img(height="1" width="1" style="display:none" src="https://www.facebook.com/tr?id=2939831959404383&ev=PageView&noscript=1")

Sitting pretty: Royal Hotel, Copenhagen

Words:
Michael Willoughby

Furniture seemed the obvious starting point for Space Copenhagen's refurbishment of Arne Jacobsen's paean to international modernism

Restored to perfection, the lobby of the Royal Hotel now looks as good as it did in 1960.
Restored to perfection, the lobby of the Royal Hotel now looks as good as it did in 1960. Credit: Joachim Wichman

What homage should the reverent architectural practice make to one of the world’s most visited design sites, the Ur-design hotel? Tasked with the refurbishment of Arne Jacobsen’s 1960 Royal Hotel, Copenhagen, first home of the Swan, Drop and Egg chairs which still inhabit it, Space Copenhagen chose to say it with furniture. 

With its semi-circular backrest, the firm’s Loafer chair echoes the lobby of this totem of international modernism, affording ‘protection’ from the enormous space, according to co-designers, Peter Bundgaard Rützou and Signe Bindslev Henriksen. 

Copenhagen-born Jacobsen created every­thing here, from building to cutlery via hardware. Fulfilling the 1956 commission from the airline Scandinavian Airlines System was his singular achievement. But while the hotel remained a destination for design pilgrims, the original masterwork gradually became eroded to meet guest requirements. Nor were worn elements replaced with those of similar quality. 

By the 21st century, only the exterior and room 606 were as built. A sensitive refurbishment was long overdue. The challenge, say Space’s founders, was to ‘bring the hotel to life for a new generation’ – avoiding a museum. 

To reinvigorate the lobby of the hotel (today known as Radisson Collection Royal Hotel, Copenhagen) the practice brought up the marble floors and wood and marble wall panelling to historical perfection. The spiral staircase was also refitted and given back its lost leather-wrapped handrails through referral to archival photos.

  • A Poulson signature lamp.
    A Poulson signature lamp. Credit: Joachim Wichmann
  • Bedroom suites once again reflect Jacobsen's sense of restrained luxury.
    Bedroom suites once again reflect Jacobsen's sense of restrained luxury. Credit: Joachim Wichmann
  • Space Copenhagen's velvet Loafer chairs complement Jacobsen's original furniture in the bar.
    Space Copenhagen's velvet Loafer chairs complement Jacobsen's original furniture in the bar. Credit: Joachim Wichmann
123

The firm stripped out the bar and retail space and added a curved version of its Stay sofa to its Loafer and Jacobsen’s Egg chairs. This gave guests space to socialise and work among the warm red, plum, petrol blue and brass which complements the wood and marble.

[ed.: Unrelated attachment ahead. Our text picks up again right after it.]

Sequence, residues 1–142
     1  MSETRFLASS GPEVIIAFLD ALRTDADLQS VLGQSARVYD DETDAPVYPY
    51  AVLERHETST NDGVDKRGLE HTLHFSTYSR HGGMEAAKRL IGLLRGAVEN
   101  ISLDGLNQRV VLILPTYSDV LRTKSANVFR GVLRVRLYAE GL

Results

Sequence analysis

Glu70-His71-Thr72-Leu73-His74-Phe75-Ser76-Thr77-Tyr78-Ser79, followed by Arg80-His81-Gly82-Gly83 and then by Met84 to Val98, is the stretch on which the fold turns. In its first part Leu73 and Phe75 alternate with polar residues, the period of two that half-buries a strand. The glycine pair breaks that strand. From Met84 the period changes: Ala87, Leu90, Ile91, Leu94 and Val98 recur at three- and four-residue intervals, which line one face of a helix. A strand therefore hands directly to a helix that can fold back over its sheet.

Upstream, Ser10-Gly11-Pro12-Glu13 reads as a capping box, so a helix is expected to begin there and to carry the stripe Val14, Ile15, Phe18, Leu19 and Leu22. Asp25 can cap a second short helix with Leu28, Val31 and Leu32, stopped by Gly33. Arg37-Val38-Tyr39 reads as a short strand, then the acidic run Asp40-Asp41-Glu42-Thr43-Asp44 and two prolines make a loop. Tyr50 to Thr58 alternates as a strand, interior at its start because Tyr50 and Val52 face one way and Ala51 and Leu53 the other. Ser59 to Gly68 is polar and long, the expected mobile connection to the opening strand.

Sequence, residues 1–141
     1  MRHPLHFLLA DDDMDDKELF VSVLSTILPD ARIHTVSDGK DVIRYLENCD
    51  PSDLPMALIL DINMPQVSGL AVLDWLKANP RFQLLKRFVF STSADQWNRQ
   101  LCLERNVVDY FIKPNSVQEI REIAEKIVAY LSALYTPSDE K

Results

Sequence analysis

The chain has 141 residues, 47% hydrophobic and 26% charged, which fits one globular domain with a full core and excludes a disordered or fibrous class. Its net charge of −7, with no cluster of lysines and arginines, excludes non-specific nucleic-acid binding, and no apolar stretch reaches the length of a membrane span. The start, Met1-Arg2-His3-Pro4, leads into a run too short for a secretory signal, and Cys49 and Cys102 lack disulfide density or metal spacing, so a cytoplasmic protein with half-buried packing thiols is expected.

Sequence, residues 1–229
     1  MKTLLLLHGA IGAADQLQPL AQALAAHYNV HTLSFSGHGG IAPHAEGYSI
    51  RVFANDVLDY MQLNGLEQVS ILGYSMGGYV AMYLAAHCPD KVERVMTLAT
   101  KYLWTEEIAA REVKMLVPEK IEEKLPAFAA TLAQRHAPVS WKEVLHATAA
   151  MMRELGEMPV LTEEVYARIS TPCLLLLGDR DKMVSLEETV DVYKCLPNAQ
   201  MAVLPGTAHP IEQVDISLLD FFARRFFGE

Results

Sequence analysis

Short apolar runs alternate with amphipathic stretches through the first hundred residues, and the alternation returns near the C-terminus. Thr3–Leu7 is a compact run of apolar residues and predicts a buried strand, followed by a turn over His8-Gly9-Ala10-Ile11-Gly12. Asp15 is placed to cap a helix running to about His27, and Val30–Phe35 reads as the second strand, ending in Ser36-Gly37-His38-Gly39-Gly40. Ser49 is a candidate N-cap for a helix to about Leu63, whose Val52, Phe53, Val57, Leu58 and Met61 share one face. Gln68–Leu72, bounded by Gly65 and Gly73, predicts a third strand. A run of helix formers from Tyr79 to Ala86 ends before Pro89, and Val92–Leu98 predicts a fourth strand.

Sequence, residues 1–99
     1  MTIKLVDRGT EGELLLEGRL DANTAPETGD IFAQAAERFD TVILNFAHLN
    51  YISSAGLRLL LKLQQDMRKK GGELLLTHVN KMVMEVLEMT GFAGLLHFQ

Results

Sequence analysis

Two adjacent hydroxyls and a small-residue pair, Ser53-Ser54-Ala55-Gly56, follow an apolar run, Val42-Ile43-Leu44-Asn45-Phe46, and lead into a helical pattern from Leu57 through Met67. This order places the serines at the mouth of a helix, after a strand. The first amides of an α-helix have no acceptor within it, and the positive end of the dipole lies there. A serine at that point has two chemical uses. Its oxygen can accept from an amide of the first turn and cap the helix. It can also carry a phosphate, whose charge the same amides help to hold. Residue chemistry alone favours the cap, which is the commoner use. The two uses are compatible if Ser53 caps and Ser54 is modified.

Collaborating with furniture specialist Fritz Hansen, the team covered Jacobsen’s beloved bespoke chairs in new fabric. They unearthed some lesser-known pieces from a basement – his Mayor Sofa and Giraffe dining table – and installed them in the Café Royal restaurant. These sit side-by-side with dining-style Drop chairs and new Stellar Works’ Ren chairs. The team even bought one of Jacobsen’s Pot chairs - also once native of the restaurant – and put it back into production.    

Guests in the 259 bedrooms also benefit from reupholstered Egg, Swan and Drop chairs as well as Space’s Accent tables for Mater, the Fly sofa and its Copenhagen pendant. Amore mirrors were created in situ to reflect the skyline; while at the windows, a wide, white marble windowsill was reintroduced to draw attention to the view and the horizontally of Jacobsen’s design. Wood panelled walls and Kvadrat’s Fiord textile bedding add warmth to the black and grey tonality.

A former guest makes up in her Drop chair
A former guest makes up in her Drop chair Credit: Joachim Wichmann

To complete the tribute, the hotel’s nine meeting rooms have been stuffed with – and named after – Jacobsen’s sedentary design classics with archive lithographics hanging on the walls. ‘Our aim is to create a space for people to celebrate memories of the past, and create memories for the future, too,’ say Rützou and Henriksen. 


 

Latest

Coronavirus has thrown into sharp focus wellbeing, home working and healthy building in housing design. Four practitioners in the field discuss the impact of the pandemic on their thinking

Huge improvements in domestic space are possible – and necessary

In a pandemic-driven recession architects are likely to be reasonably content with flatlining fees, even if there are shades of grey

Architects are holding their own in the face of Covid-led recession

Surface manufacturer's new Art of Darkness finishes encapsulate the look of natural materials in the night time

Quartz surfaces manufacturer adds four deep shades to range

To promote housing diversity and unlock potential for 130,000 new homes, the National Custom and Self Build Association has united with the Federation of Master Builders, UK Cohousing Network and National Community Land Trust Network to create new group, Housing Diversification. We ask group spokesman and NaCSBA CEO Andrew Baddeley Chappell why it’s needed.

What issues will Housing Diversification press government on?

Corten stitches together Fraserburgh’s granite fabric in Moxon Architects’ civic and symbolic Faithlie Centre

Moxon Architects sews together granite heritage with Corten intervention